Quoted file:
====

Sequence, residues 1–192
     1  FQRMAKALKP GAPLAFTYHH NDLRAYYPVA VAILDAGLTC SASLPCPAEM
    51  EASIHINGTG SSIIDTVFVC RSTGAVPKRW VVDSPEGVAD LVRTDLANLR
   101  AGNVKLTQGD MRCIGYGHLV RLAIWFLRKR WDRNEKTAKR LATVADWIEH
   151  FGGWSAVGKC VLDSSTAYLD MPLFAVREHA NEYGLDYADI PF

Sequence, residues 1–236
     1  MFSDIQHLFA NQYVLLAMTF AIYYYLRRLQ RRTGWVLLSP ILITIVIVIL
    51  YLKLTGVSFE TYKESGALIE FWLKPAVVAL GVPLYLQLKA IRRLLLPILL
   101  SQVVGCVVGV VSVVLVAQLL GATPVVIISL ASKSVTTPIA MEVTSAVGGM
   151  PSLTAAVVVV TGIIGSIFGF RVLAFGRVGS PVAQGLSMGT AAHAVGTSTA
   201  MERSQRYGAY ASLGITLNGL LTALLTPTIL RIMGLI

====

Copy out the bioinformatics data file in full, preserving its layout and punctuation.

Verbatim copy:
Sequence, residues 1–192
     1  FQRMAKALKP GAPLAFTYHH NDLRAYYPVA VAILDAGLTC SASLPCPAEM
    51  EASIHINGTG SSIIDTVFVC RSTGAVPKRW VVDSPEGVAD LVRTDLANLR
   101  AGNVKLTQGD MRCIGYGHLV RLAIWFLRKR WDRNEKTAKR LATVADWIEH
   151  FGGWSAVGKC VLDSSTAYLD MPLFAVREHA NEYGLDYADI PF

Sequence, residues 1–236
     1  MFSDIQHLFA NQYVLLAMTF AIYYYLRRLQ RRTGWVLLSP ILITIVIVIL
    51  YLKLTGVSFE TYKESGALIE FWLKPAVVAL GVPLYLQLKA IRRLLLPILL
   101  SQVVGCVVGV VSVVLVAQLL GATPVVIISL ASKSVTTPIA MEVTSAVGGM
   151  PSLTAAVVVV TGIIGSIFGF RVLAFGRVGS PVAQGLSMGT AAHAVGTSTA
   201  MERSQRYGAY ASLGITLNGL LTALLTPTIL RIMGLI